13 November 2007

Chocolate has 3,000-year history

Agençe France-Presse
Central Americans were drinking beverages made from the cacao plant before 1000 BC, 500 years earlier than previously thought, say archaeologists.
Chocolate has 3,000-year history

In brewing up a primitive beer, or chicha, from the cacao plant, ancient Mesoamericans may have stumbled on the secret to making chocolate-flavoured drinks. Credit: iStockphoto

CHICAGO: Central Americans were drinking beverages made from the cacao plant before 1000 BC, 500 years earlier than previously thought, say archaeologists.

These early cacao beverages were probably alcoholic brews, or beers, made from the fermented pulp of the cacao fruit, rather than the frothy chocolate-flavoured drink made from the seed of the cacao tree that was such an important feature of later Mesoamerican culture.

Stumbled on a secret

But in brewing up this primitive beer, or chicha, the ancient Mesoamericans may have stumbled on the secret to making chocolate-flavoured drinks, report experts in the journal the Proceedings of the National Academy of Science.

“In the course of beer brewing, you discover that if you ferment the seeds of the plant you get this chocolate taste,” said John Henderson, a professor of anthropology at Cornell University in Ithaca, New York, and lead author of the paper. “It may be that the roots of the modern chocolate industry can be traced back to this primitive fermented drink.”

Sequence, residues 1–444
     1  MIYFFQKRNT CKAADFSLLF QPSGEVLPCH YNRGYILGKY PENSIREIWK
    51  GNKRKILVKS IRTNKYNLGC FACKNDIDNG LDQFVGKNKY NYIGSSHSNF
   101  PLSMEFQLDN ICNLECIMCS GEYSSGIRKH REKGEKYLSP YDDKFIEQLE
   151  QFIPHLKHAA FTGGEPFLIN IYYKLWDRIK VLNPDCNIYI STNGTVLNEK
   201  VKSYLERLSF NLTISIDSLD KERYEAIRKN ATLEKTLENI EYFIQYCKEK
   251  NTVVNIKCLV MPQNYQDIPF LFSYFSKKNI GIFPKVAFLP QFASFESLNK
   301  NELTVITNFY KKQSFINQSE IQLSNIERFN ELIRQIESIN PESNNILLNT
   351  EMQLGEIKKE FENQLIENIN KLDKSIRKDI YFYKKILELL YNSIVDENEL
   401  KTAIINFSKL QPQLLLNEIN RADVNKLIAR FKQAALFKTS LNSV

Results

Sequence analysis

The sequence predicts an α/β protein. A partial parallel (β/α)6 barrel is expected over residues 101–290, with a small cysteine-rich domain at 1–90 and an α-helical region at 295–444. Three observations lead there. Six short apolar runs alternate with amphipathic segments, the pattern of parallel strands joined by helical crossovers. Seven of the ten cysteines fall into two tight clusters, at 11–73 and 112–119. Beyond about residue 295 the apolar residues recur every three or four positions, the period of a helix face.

The cacao bean played an important role in Mesoamerican civilisation – the native civilisation in parts of Mexico and Central America prior to the Spanish conquest of the 16th century.

The bean was a form of currency in Aztec society, and the frothed chocolate drink made from fermented beans or seeds was central to social and ritual life throughout Mesoamerica.

Ritual and economic role

Subsequently, in the 16th century, invading Europeans acquired a taste for the beverage and took it home, which led to the rise of the modern chocolate industry.

The archaeological evidence recovered by Henderson and colleagues from a site in Puerto Escondido in modern-day Honduras suggests that the beer which probably preceded the chocolate beverage was popular among wealthy natives at least as early as 1,100 BC.

Chemical analysis of residues found on fragments of pottery vessels recovered from the site tested positive for theobromine – a compound found in cacao trees that were limited to Central America.

The vessels were found in the “fancier, bigger houses” in the village of Puerto Escondido in the Ulua Valley in northern Honduras, said Henderson who argued that the elite members of society would have consumed the beverage to mark special occasions such as births and marriages.

More information:
Cacao – Wikipedia
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